The PPA relaxes ERISA’s fiduciary rules to remove obstacles for plan sponsors that want to offer professional investment advice services to plan participants with self-directed investment accounts. The new rules create a prohibited transaction exemption that permits fiduciary advisors to recommend their own funds beginning in 2007. Not surprisingly, certain restrictions apply that are intended to curb fiduciary self-dealing. The plan’s arrangement with the fiduciary advisor must require, among other things, that either (i) the fiduciary advisor’s fee (including commissions) will not vary depending on the investment choices made by the participants, or (ii) the fiduciary advisor must use an unbiased computer model that generates a recommended portfolio based on the historical performance of the investment options and the participant’s expected retirement age and other investment criteria.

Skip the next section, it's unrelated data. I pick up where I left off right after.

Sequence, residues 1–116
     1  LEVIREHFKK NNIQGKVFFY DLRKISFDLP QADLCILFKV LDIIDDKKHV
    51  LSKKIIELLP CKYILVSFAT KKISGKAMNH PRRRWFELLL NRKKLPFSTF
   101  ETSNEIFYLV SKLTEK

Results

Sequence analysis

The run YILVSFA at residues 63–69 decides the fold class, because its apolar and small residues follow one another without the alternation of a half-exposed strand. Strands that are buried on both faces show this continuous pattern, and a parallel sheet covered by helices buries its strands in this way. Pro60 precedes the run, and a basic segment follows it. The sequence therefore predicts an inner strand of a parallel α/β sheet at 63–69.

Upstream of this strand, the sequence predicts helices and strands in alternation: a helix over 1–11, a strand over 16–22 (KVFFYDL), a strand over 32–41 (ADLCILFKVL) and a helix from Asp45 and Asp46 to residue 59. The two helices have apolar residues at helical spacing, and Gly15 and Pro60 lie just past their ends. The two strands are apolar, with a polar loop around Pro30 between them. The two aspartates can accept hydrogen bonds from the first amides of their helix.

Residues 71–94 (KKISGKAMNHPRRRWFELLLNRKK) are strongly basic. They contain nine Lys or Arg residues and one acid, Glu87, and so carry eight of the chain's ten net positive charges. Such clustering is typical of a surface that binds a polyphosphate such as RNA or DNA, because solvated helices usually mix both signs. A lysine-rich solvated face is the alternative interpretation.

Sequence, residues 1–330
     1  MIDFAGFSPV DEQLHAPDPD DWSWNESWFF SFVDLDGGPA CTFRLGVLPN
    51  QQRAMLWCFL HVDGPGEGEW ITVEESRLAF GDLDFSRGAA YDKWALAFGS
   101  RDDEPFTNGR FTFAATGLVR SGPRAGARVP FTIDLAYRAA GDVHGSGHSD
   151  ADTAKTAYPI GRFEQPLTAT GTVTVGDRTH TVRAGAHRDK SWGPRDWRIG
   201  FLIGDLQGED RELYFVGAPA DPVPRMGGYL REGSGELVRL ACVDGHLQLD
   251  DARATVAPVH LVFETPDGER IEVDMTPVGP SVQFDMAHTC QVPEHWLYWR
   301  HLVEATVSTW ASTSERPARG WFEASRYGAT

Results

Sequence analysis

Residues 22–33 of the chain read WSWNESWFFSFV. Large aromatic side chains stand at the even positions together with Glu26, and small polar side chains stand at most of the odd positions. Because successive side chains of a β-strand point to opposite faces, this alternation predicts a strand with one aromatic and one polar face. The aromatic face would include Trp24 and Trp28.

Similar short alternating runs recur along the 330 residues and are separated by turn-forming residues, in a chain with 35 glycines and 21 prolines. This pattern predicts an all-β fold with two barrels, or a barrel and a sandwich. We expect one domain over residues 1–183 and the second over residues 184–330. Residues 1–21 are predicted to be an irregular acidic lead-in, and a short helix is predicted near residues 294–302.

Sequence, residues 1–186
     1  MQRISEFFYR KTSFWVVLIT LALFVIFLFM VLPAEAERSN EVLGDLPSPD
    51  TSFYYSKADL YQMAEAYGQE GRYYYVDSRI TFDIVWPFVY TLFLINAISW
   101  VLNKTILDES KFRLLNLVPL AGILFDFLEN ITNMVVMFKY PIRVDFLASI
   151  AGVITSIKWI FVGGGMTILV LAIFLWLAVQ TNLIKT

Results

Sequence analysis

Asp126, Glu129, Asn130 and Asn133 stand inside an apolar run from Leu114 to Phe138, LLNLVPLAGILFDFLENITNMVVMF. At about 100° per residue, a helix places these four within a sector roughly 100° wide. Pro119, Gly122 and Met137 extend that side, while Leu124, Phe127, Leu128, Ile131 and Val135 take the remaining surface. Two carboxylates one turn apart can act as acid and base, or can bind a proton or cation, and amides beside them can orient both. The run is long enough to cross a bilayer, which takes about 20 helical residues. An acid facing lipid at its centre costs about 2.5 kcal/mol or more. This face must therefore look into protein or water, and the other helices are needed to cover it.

If the plan’s arrangement with the fiduciary advisor satisfies the requirements of this exemption, the plan sponsor and other plan fiduciaries are relieved of any fiduciary responsibility to monitor the particular investment advice given to participants—although the plan fiduciaries must act prudently in retaining and monitoring the professional fiduciary advisor.
The PPA permanently extends Roth 401(k) contributions and Roth 403(b) contributions. Now that Roth contributions are here to stay, plan sponsors may want to reconsider whether a Roth contribution feature would enhance the value of their 401(k) or 403(b) plans for their participants.
The PPA permanently extends the annual dollar-limits on various contributions to 401(k) and 403(b) plans, including salary deferral contributions ($15,000) and catch-up contributions for participants age 50 and older ($5,000).
The PPA provides for a host of other provisions, including the following:
The foregoing has been prepared for the general information of clients and friends of the firm. It is not meant to provide legal advice with respect to any specific matter and should not be acted upon without professional counsel. If you have any questions or require any further information regarding these or other related matters, please contact your regular Nixon Peabody LLP representative. This material may be considered advertising under certain rules of professional conduct.